I am setting up Asterisk 1.8 using spandsp and I keep seeing this message when receiving faxes even if T.38 was negotiated. One of the problem I am facing is that almost all of my incoming faxes are missing pages. I am having better results when sending.
I am using ECM at 9600 bauds, and:
- What does this error generally mean?
- Can we fix it?
Fax nowadays comes in various colors and flavors and one need to be aware of that. In case everything is analogue (or ISDN), the internal fax engine based on spandsp is fine and everything works out great. You can turn on and off ECM according to your mood.
In case you get your transmissions via SIP things change a bit. Theoretically, T.38 helps, but I have never seen a Telco or ISP (in Europe) actually supporting it, despite they advertise it. When you increase the CLI verbosity you get warnings about the other side refusing to negotiate the T.38 protocol. You can still do facsimiles without T.38.
Let me first describe some technical things, before I describe the parameters that most of the time work for me and I deem to be important. Line switching and packet switching have entirely different ways to deal with transmission problems. Line switching implies very fast reactions (essentially speed of light) with possibly distorted signals. Packet switching implies repeated sending of packages in case the other side gets junk, but SIP/RTP is mostly used and nothing gets checked before Asterisk sees the data. T.38 has ways to repeat elements, but that’s pointless when you get everything wrapped up in parcels. Furthermore, dropped packets might contain vital information which can easily leads to a sudden death of the transmission attempt.
Assuming that the internet connection is good enough, one should turn off all types of error connection, especially ECM and try to run everything at a rate of 14400. Slower speeds mean a larger transmission time and time is your enemy here. By the same token, I prefer normal resolution whenever possible. The jitter buffer should be of a fixed size, typically maybe holding sound for about 100ms. If a transmission starts and a dynamic buffer gets adjusted a short delay could make the other side say bye-bye. The codec should be lossless, either G.711 of G.722. G.722 is better, but that can typically not be negotiated. E.g. GSM leads to hair loss and painful feet, so don’t do it. Lossy codecs change the frequency patterns in such a way that the resulting signal can no longer be decoded.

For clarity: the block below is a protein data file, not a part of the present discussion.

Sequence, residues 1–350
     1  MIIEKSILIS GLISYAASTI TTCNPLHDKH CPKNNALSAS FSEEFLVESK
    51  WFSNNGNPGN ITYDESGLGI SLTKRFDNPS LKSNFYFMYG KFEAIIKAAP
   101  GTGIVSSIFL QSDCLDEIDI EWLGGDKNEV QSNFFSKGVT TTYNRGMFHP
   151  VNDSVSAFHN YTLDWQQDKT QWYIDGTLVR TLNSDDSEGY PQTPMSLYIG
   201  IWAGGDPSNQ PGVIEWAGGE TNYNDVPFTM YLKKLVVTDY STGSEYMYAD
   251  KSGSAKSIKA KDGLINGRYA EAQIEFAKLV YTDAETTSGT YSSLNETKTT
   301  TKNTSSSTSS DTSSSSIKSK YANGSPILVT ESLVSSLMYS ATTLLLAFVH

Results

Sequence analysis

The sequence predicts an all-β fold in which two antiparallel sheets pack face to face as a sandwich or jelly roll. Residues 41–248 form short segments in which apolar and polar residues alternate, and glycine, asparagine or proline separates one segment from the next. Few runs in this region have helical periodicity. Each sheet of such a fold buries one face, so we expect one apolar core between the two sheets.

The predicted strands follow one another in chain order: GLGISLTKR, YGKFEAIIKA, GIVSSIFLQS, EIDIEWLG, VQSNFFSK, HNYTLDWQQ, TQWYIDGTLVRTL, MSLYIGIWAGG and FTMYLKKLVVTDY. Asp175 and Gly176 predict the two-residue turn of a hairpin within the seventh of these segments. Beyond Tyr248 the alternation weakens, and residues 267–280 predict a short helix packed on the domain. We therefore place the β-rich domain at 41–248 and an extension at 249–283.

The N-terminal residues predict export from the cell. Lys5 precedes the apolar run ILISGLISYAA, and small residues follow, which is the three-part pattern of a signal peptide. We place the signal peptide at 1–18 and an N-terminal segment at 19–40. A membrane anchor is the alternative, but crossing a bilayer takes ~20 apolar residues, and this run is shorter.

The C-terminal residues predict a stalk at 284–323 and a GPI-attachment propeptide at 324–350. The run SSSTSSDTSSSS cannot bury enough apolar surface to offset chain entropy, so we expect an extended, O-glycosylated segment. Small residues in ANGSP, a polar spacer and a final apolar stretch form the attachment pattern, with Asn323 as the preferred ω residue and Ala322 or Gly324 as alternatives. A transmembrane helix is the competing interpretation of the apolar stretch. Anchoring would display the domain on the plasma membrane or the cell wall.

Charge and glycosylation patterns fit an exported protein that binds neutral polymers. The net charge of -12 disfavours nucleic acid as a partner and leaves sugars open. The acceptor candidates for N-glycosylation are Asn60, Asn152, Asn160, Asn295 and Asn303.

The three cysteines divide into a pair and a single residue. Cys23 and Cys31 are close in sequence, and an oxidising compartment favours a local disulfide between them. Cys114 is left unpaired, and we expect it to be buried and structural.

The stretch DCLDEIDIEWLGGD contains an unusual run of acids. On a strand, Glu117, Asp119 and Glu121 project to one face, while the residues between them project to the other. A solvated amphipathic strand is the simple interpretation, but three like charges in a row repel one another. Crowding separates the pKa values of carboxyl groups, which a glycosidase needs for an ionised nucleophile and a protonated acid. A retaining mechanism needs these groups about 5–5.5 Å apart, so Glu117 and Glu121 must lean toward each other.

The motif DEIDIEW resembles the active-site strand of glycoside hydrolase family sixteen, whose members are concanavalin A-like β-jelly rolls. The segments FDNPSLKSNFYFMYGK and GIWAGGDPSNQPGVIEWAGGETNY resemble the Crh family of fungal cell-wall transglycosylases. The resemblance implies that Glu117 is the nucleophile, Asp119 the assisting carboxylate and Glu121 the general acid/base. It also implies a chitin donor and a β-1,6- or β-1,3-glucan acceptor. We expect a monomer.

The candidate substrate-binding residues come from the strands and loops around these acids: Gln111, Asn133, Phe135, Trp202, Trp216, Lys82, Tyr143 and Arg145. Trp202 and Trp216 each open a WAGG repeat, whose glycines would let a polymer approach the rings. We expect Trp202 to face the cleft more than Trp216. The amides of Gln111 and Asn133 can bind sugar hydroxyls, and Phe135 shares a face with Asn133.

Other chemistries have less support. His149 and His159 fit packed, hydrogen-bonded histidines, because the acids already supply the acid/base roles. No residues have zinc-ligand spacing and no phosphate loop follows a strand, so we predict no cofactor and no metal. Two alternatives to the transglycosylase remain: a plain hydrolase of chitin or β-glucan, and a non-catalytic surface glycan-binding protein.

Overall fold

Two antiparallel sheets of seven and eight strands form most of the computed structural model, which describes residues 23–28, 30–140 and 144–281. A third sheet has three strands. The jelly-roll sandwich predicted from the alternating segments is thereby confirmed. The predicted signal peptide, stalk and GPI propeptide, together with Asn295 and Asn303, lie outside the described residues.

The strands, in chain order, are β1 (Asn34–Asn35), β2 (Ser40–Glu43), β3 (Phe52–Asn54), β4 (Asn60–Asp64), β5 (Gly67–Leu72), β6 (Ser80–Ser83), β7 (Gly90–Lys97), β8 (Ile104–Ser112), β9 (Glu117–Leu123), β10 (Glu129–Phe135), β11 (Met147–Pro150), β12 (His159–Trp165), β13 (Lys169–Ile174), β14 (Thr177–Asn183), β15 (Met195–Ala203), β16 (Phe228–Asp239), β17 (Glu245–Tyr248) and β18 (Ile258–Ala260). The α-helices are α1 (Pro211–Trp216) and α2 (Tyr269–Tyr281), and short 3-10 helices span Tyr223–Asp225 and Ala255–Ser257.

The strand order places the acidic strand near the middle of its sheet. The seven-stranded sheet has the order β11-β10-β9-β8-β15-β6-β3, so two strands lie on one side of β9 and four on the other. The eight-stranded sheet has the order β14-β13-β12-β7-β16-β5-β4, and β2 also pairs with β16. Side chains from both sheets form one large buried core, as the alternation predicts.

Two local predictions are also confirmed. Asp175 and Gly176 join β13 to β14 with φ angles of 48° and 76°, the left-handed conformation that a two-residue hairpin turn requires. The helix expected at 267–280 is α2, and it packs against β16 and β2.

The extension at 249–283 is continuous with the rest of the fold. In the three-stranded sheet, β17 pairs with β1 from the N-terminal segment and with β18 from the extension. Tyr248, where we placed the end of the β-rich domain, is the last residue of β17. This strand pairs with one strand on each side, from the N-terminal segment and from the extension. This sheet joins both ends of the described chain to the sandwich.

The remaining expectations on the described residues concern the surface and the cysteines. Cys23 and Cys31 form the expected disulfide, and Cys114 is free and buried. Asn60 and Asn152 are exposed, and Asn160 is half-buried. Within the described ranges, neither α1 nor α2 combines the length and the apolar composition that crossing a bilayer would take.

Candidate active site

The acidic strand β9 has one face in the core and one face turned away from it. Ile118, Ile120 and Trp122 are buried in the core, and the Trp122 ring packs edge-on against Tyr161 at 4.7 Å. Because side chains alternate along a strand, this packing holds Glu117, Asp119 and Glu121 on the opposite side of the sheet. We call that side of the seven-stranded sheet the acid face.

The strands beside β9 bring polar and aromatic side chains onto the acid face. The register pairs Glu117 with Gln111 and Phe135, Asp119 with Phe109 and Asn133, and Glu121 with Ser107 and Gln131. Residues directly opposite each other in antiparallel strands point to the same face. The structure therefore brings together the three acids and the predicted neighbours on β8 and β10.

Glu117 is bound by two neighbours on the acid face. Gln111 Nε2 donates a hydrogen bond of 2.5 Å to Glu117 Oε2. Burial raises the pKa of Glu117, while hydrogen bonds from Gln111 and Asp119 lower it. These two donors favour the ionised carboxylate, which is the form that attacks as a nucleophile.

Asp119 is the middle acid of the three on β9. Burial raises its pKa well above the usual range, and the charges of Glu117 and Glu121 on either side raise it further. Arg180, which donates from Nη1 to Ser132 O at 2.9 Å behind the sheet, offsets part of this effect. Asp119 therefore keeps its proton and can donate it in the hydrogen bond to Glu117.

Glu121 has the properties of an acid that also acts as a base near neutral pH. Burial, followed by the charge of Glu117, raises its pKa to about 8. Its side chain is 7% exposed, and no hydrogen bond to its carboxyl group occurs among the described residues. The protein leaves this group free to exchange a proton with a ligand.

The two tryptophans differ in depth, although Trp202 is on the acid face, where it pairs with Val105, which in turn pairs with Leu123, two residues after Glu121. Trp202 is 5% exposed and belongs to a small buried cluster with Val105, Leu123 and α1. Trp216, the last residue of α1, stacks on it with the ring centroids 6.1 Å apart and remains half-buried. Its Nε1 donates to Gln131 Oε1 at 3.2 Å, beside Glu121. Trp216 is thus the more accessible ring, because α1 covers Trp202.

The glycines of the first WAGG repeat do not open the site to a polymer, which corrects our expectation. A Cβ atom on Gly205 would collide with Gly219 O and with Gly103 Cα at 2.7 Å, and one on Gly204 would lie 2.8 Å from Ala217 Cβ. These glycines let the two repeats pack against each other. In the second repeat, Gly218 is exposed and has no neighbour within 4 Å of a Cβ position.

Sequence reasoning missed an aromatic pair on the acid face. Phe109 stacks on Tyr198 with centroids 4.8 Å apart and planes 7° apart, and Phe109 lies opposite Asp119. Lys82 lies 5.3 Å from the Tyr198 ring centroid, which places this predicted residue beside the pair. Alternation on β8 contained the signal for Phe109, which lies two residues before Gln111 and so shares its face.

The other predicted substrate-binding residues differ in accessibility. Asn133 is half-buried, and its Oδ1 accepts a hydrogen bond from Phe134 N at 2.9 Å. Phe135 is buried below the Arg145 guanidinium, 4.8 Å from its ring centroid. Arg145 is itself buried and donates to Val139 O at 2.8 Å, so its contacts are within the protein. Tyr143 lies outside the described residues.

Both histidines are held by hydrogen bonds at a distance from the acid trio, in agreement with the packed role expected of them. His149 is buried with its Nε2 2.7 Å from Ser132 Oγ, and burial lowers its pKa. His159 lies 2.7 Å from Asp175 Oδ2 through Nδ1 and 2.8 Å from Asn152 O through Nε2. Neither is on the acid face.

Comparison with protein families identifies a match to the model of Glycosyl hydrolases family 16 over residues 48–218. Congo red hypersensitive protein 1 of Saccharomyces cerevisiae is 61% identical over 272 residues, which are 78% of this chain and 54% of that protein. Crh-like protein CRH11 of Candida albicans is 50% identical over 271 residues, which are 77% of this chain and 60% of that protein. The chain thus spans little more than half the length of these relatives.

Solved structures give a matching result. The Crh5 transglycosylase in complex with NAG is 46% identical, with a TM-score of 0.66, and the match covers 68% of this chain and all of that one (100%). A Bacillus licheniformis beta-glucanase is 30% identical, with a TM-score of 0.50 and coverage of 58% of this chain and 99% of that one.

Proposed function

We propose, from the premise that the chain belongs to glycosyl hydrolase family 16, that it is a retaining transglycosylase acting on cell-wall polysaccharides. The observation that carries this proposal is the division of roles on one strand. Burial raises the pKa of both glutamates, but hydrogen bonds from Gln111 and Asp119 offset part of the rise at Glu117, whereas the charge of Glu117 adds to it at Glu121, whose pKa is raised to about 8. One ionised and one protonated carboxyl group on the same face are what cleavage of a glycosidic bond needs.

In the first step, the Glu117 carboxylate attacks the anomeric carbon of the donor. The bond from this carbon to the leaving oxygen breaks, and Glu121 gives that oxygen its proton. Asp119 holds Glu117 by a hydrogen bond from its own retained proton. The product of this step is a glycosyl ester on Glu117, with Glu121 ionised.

The basic idea is to keep everything floating without any interruptions. Then you depend only on the quality of the internet connection and what the other sides wants to get enforced. This largely excludes spandsp based solutions as they are typically too strict. It seems that some ATA devices do not strictly enforce the protocol and focus on printing whatever arrives. This might lead to one or the other visual defect, but that’s better than nothing in this case.
If we’re dealing with a fax machine, which is connected to some sort of analog interface speaking either u-law or a-law, why would changing the codec to G.722 for digital transmission improve things?
Because the other side may also be a SIP line and the G.722 signal is of better quality and more dynamic headroom.
I have used G.711 all the time myself before I got my hands on a so-called German Telecom “Digibox” (basically a bintex elmeg Smart box). The internal codec order starts with G.722 and the technician said that they should not change this. I guess it could make a difference with slightly overmodulated G.711 transmissions, where the granularity of the digitization gets coarser which could more easily lead to transmission errors.
I’ll link to Steve Underwood’s excellent page on the topic of Fax, the Internet, and T.38:
He doesn’t reference G.722. I’m not sure that any additional headroom in a digital codec matters where an actual analog fax machine is involved. And while faxing inband involving G.722 probably works just fine, I’d be wary that the codec’s coding involves a filter that’s splitting the signaling into two bands. You’d most likely end up fine, because everything on the analog side is going to be in the same band.
I don’t see any good guidance from other sources on the topic.
Are you sure that Asterisk G.722 is not G.722.1 or G.722.2, which are totally unsuitable for fax. Even if it really is G.722, the way that works may well be worse than G.711, for band limited signals optimised for normal telephone circuits
* \brief codec_g722.c - translate between signed linear and ITU G.722-64kbps
* \author Matthew Fredrickson <firstname.lastname@example.org>
* \author Russell Bryant <email@example.com>
* \arg http://soft-switch.org/downloads/non-gpl-bits.tgz
* \arg http://lists.digium.com/pipermail/asterisk-dev/2006-September/022866.html
* \ingroup codecs
and from non-gpl-bits.tgz:
* SpanDSP - a series of DSP components for telephony
* g722_encode.c - The ITU G.722 codec, encode part.
* Written by Steve Underwood <firstname.lastname@example.org>
* Copyright (C) 2005 Steve Underwood
* All rights reserved.
* Despite my general liking of the GPL, I place my own contributions
* to this code in the public domain for the benefit of all mankind -
* even the slimy ones who might try to proprietize my work and use it
* to my detriment.
* Based on a single channel 64kbps only G.722 codec which is:
***** Copyright (c) CMU 1993 *****
* Computer Science, Speech Group
* Chengxiang Lu and Alex Hauptmann
* $Id: g722_encode.c,v 1.14 2006/07/07 16:37:49 steveu Exp $
G.722.1 and G.722.2 came from PictureTel.
If it is 64kbps, even if ADPCM, rather than CELP, it is going to be worse that G.711 for 3.1kHz audio data modulation modes, because it will trade increased distortion of low frequencies for unused high frequency capabilities.
I have set up a small test system of two Asterisk boxes, where I can test the codecs. I’ll report the results, if I find some interesting results.